image If you want the displays to show the same information, select the Mirror Displays check box (image changes to image) and skip the rest of these steps.


image Click the Displays window on the external display.

image Click the Display tab.

image Select Best for display (image changes to image) if you want OS X to set the resolution. Otherwise, select Scaled (image changes to image) and then click the resolution to use.

image If the Refresh Rate pop-up menu (image) appears, click it, and select the highest rate available.


image Click the Color tab.

image Select the color profile for the display you are using.

image Click Close (image) or press image+image to quit the System Preferences application.

You now can use the external display. When video mirroring is off, the two displays act as a single, large desktop area. You can move windows onto either display. For example, you might keep a document on which you are working on one display and Mail on the other.

When video mirroring is on, you see the same information on both screens.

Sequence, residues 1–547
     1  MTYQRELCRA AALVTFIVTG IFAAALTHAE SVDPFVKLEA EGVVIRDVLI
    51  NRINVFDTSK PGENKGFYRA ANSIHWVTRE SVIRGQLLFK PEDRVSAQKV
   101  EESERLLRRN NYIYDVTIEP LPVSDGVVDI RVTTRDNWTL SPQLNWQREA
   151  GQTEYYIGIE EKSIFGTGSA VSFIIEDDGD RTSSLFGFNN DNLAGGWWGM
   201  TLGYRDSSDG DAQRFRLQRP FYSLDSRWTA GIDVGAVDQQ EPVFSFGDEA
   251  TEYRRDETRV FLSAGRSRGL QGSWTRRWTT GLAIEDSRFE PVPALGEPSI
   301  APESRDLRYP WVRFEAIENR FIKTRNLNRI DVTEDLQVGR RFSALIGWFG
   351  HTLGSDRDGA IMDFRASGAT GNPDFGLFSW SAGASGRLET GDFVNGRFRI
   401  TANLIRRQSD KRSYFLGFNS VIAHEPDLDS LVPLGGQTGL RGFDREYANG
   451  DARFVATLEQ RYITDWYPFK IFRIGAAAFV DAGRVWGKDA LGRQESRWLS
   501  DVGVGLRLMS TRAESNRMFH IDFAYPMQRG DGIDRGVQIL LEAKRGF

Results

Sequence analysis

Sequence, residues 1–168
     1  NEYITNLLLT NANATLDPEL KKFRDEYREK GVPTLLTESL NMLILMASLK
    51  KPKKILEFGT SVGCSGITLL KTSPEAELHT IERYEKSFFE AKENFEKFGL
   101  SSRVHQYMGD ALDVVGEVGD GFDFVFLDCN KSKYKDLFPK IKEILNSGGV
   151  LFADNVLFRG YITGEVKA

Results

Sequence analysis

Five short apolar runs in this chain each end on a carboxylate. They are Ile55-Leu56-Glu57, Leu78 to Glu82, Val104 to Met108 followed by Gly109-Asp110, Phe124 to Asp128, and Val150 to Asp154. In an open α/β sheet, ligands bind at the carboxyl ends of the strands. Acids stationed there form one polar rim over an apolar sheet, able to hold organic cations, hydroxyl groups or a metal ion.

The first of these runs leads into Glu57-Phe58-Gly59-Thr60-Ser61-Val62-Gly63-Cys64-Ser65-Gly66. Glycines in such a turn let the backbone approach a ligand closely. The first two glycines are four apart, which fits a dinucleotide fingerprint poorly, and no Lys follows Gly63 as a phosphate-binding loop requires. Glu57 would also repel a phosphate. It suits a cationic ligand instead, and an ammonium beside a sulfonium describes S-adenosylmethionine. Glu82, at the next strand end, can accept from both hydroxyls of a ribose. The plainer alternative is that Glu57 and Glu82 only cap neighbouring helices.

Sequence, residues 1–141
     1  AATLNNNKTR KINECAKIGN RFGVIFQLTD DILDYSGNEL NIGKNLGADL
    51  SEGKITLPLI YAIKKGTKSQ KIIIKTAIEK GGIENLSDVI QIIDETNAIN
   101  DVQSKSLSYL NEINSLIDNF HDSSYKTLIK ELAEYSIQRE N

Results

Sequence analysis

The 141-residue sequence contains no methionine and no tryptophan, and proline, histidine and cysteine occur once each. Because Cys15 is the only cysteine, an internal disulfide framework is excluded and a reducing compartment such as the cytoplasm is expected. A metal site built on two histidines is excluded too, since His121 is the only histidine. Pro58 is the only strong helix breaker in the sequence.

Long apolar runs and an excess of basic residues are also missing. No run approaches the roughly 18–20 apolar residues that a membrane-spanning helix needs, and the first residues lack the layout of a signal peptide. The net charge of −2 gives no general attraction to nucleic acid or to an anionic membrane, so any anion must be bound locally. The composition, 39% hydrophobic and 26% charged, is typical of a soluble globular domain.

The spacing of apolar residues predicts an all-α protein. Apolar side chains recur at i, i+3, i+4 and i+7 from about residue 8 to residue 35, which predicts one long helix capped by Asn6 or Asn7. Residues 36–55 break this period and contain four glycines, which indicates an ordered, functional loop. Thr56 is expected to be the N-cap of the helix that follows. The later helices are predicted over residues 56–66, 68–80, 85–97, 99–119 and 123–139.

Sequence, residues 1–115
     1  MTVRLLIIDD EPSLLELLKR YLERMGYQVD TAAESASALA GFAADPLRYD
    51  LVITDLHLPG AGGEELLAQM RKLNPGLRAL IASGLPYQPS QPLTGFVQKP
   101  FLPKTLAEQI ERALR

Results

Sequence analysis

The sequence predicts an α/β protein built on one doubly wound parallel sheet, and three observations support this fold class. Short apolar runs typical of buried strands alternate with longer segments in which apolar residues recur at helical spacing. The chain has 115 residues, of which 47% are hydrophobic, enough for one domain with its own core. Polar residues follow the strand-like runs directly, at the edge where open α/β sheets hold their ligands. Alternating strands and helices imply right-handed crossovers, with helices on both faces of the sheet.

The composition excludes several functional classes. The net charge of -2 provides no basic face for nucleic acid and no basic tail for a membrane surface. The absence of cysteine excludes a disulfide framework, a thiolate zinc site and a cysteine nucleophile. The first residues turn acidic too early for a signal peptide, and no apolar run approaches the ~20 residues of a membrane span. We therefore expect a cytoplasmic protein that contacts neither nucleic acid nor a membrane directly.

What kind of external display should I get for my MacBook Pro?

The three most important considerations are interface, size, and cost. An Apple Thunderbolt Display gives you a huge screen with great performance and connectivity, but it is expensive. HDMI and DVI displays give a digital picture, whereas VGA translates the signal to analog. Larger displays are better because they give you more working space. They also tend to be more expensive, although that depends on the specific brand you choose.

Using an Apple TV to Display on an HDTV

With a second-generation or later Apple TV, you can wirelessly broadcast your MacBook Pro's display on the device to which the Apple TV is connected. This is great for watching movies or videos on a big-screen TV, enjoying a shared web-browsing session, or giving presentations from your MacBook Pro to a group of people. To broadcast to an Apple TV, your MacBook Pro uses AirPlay. This technology enables Macs and iOS devices to send a signal to an Apple TV for it to display on a television.

Using an Apple TV to Display on an HDTV

Set Up the Apple TV for AirPlay


image Connect the Apple TV to a power outlet and to your television.

image Connect the Apple TV to a wireless network.